So it is here. As the leaves yellow around them, Applejack and Rainbow Dash clash, Honesty against Loyalty, sincerity against catering to the growing geek fanbase. Throughout, Pinkie Pie and Spike mirror their conflict, Spike trying to announce the race honestly, albeit enthusiastically, while Pinkie Pie acts as the living incarnation of a fan-forum discussion thread, alternating between absurd over-specificity about trivia (What percentage of a nose is Applejack ahead by?) and bizarre, albeit amusing, tangents (fudge, hot dogs).
In the end, however, neither approach is workable. Applejack and Rainbow Dash tie for last, while Twilight Sparkle (continuing the role she spontaneously adopted last episode as the voice of reason) synthesizes their approaches with a slow-and-steady-wins-the-race approach that would not be out of character for Applejack, and a proud nerd-cool Hitchhiker’s Guide reference on her flank. She comes in fifth, and she’s happy with that.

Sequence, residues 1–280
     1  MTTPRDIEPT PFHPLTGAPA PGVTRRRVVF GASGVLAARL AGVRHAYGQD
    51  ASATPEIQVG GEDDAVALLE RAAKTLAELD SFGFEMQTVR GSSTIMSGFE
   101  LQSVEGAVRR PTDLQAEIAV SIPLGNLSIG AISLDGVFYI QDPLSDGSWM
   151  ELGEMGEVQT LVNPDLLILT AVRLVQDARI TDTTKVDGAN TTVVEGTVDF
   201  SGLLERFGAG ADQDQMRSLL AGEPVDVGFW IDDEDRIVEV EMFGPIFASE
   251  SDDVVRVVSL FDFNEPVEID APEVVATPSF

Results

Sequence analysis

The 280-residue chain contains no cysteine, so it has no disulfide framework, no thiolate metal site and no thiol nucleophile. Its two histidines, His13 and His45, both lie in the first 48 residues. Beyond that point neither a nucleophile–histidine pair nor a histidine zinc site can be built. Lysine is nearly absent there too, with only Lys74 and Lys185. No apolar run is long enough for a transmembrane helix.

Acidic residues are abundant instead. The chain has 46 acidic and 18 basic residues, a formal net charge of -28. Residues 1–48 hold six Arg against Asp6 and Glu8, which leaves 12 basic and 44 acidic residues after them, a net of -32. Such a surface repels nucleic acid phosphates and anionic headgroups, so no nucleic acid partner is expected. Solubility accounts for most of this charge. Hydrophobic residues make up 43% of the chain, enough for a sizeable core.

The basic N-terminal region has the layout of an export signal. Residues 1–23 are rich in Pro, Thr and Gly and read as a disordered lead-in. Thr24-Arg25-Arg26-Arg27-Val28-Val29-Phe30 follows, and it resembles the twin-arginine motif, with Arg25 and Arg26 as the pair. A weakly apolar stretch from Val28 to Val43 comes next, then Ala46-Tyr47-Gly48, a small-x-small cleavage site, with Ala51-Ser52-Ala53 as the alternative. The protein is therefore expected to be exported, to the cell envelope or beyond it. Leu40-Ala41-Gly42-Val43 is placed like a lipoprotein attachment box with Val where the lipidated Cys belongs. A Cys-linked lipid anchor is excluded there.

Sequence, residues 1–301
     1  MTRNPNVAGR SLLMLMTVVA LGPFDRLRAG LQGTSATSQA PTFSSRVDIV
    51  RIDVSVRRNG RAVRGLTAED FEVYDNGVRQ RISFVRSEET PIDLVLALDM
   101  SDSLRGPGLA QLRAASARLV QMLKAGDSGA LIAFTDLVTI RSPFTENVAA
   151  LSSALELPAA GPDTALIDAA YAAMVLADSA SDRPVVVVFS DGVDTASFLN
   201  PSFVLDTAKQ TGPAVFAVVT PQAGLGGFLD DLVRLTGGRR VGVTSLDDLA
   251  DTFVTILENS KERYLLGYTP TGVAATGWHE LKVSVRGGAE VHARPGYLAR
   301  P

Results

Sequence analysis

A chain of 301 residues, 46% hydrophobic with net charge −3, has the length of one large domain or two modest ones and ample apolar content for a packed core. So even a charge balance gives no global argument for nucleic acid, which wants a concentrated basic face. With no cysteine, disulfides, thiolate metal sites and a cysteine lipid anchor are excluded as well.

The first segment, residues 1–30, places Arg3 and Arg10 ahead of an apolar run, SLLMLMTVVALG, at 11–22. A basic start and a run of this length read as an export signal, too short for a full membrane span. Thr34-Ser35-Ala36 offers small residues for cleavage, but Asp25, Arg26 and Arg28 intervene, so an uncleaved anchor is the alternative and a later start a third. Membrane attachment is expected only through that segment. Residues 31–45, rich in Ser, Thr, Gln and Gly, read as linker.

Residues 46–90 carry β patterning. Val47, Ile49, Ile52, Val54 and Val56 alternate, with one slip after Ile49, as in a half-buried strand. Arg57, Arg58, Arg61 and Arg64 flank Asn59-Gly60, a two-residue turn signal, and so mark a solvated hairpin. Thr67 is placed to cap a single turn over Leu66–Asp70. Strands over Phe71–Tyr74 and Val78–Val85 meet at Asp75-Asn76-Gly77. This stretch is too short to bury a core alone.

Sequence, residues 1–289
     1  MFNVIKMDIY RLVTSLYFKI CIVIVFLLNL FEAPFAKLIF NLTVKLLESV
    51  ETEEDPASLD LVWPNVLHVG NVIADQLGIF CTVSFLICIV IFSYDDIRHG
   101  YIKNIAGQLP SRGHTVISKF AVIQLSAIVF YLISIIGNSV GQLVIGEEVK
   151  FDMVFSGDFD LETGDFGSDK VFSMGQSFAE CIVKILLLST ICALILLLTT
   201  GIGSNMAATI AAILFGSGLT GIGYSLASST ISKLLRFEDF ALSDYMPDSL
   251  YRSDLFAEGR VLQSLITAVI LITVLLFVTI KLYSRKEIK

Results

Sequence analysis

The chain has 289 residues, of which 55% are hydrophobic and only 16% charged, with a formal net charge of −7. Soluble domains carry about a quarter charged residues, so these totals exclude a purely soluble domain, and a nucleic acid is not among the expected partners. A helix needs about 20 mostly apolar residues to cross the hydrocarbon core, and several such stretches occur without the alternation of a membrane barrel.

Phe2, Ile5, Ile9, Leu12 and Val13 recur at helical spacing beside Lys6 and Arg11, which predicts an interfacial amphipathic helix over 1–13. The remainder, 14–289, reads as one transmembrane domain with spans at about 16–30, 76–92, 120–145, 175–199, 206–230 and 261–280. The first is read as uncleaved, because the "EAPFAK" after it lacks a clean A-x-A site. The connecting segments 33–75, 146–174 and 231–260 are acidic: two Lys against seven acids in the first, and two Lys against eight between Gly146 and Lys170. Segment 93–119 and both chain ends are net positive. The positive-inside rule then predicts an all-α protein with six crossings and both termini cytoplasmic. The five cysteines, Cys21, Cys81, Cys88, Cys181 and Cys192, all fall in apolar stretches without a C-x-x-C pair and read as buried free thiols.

My Little Pony: Friendship Is Magic is never going to be the most popular show on television. It’s never even going to be the most popular show among nerds. It’s also not content to be G1 My Little Pony; it’s going to be exactly as cool as it wants to be. It’s going to pace itself, be honest and sincere while also being fun and showing the occasional sly reference. It’s not Applejack or Rainbow Dash, but rather the point of tension between them. Sometimes it may drift a little too far in the Applejack direction and become overly sentimental, sometimes a little too far in the Rainbow Dash direction and become cold and too cartoony, but always the opposing force is there to act as a balance and pull it back within an episode or two.
It seems like we have found our answer to what the show is becoming, a metastable balance between warm sincerity and knowing geek chic. That is often the case with xanthosis; the gold has been created, and so the work seems complete. But it isn’t, because the mere creation of a bit of gold has never been the goal of true alchemy. The ultimate goal remains; the show is not a philosopher’s stone yet. It has been transformed, but does not yet have the power to transform.
The final phase remains.
The great work concludes…
Next week: The power of creation, the voices of the fans, and cooperative transformation as we complete the final phase of the magnum opus, rubedo. Also, fancy dresses.